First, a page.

Browsing by Subject "kumariinit"

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  • Tukiainen, Kristiina (Helsingfors universitet, 2019)
    Anisakiasis is a parasitic disease caused by larval nematodes of the genus Anisakis. Humans become infected by consuming contaminated raw or undercooked seafood products. Most human infections are caused by Anisakis simplex (A. simplex) complex. Currently there is no effective drug for this global emerging disease. Novel active compounds against the nematode are needed for drug development purposes. The research with A. simplex requires the isolation of the larvae from fish, which is time-consuming, unecological and uneconomical. Thus, the utilization of the model nematode Caenorhabditis elegans (C. elegans) in the research of A. simplex is considered in this study. Activities of Tea tree, Java citronella and Ho wood essential oils against C. elegans were studied. Aim of the assays was to examine whether C. elegans could be used as a model for A. simplex. Observed effects on C. elegans were compared to the previously reported effects on A. simplex. Activity of Tea tree and Java citronella essential oils against A. simplex was also examined to confirm previously reported activity. In addition, activity of six coumarins against A. simplex was investigated. The aim of the assays was to discover novel active compounds against the pathogenic nematode. Four coumarins were tested against C. elegans to examine possible comparable effects. Toxicity studies were performed in aquatic medium in a 6 well plate format (A. simplex) and in a 96 well plate format or in 1.5 mL Eppendorf tubes (C. elegans). Tea tree essential oil showed dose dependent activity against C. elegans, producing 100% mortality with the concentration 20 μL/mL after 24 hours exposure. Compared to A. simplex, two to three times higher doses were required to produce same degree of mortality in C. elegans. By contrast, Java citronella and Ho wood essential oils showed no significant activity against C. elegans. The activity of Tea tree and Java citronella essential oils against A. simplex was confirmed. The tested coumarins displayed no significant activity against the nematodes. Due to the contradictory results, further investigation about the suitability of C. elegans as a model for A. simplex is needed. Differences between the effective concentrations are probably caused by the differences in the biology of the nematodes, which result from the phylogenetic distance. Based on current results, the tested coumarins were excluded as potential antinematodal compounds against A. simplex, due to the lack of any significant activity on this model.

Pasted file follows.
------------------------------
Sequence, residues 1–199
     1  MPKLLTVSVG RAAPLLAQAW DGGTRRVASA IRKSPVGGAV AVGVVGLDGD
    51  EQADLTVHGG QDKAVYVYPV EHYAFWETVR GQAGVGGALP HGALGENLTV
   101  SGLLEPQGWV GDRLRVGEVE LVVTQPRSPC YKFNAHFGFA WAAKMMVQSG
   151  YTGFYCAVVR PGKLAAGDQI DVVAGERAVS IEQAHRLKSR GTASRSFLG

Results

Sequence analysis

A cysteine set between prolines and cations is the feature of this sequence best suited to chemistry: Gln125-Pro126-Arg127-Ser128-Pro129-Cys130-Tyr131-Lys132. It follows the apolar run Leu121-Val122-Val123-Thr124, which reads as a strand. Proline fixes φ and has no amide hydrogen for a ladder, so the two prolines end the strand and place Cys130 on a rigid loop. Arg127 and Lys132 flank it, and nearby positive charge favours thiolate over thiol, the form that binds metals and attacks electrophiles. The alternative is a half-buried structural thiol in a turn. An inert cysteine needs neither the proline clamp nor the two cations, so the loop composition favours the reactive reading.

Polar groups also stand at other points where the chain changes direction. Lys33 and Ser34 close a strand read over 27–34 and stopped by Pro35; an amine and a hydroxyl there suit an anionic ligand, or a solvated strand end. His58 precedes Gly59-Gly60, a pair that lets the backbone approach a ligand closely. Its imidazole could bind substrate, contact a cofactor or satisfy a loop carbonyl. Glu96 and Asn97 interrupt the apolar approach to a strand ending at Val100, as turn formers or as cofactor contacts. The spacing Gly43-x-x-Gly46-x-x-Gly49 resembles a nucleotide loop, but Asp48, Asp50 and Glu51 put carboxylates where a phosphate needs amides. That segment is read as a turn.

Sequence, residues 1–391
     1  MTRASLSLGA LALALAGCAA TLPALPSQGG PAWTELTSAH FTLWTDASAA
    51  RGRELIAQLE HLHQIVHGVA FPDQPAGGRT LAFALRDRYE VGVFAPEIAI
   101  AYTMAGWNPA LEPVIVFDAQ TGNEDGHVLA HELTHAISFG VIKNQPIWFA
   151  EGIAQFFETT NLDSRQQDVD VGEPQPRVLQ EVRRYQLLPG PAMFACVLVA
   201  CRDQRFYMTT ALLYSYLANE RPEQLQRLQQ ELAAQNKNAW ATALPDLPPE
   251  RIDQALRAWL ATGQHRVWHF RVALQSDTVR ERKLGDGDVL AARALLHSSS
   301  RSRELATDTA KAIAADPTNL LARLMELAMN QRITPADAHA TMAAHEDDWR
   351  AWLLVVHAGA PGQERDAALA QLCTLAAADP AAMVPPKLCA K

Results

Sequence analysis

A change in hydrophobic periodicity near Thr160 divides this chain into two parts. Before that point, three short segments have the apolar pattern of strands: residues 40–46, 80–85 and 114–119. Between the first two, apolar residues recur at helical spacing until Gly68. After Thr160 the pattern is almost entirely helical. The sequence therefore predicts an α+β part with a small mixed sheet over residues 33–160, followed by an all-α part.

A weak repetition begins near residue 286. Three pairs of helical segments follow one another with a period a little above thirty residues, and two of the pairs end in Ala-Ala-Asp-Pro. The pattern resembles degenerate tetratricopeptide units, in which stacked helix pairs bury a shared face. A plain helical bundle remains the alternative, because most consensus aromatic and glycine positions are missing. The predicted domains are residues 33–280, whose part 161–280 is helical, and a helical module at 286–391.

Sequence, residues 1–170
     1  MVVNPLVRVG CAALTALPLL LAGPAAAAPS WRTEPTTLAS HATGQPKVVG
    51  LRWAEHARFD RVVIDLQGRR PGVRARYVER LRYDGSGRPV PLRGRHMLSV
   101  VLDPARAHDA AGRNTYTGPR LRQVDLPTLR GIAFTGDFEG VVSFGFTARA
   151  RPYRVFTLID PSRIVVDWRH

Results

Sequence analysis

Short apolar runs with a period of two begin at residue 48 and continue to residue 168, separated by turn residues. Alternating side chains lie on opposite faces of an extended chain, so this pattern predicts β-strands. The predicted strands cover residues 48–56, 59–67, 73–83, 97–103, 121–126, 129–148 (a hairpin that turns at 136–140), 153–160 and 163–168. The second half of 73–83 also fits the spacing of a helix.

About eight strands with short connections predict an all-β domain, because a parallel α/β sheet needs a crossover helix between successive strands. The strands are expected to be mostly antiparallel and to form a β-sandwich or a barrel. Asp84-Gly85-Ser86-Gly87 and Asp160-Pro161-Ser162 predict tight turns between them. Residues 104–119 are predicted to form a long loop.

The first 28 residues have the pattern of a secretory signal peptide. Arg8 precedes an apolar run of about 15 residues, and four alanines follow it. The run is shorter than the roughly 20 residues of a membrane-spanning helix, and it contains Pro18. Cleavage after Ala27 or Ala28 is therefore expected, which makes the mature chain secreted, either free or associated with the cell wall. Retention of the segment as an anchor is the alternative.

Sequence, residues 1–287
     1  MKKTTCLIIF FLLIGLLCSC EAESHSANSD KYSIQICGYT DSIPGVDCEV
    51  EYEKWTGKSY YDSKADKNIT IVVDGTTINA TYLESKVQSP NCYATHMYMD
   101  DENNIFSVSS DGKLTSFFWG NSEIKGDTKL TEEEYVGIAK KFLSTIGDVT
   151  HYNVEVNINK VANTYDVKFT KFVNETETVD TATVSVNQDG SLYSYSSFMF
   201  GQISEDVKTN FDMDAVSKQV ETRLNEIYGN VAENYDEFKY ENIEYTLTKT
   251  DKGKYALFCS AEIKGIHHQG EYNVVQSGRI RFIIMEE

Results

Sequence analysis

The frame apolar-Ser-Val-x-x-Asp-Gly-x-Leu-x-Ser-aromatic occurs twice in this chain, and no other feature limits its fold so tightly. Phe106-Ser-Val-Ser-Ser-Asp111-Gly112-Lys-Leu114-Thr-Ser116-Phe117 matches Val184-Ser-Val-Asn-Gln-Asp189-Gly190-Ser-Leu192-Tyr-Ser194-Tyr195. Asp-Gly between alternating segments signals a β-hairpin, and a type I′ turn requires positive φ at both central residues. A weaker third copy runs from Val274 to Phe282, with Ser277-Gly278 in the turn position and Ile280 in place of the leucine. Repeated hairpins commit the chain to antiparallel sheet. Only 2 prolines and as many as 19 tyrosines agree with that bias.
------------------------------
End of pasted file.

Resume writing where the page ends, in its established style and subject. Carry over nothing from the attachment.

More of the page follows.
• Rahko, Eeva-Liisa (University of Helsinki, 1992)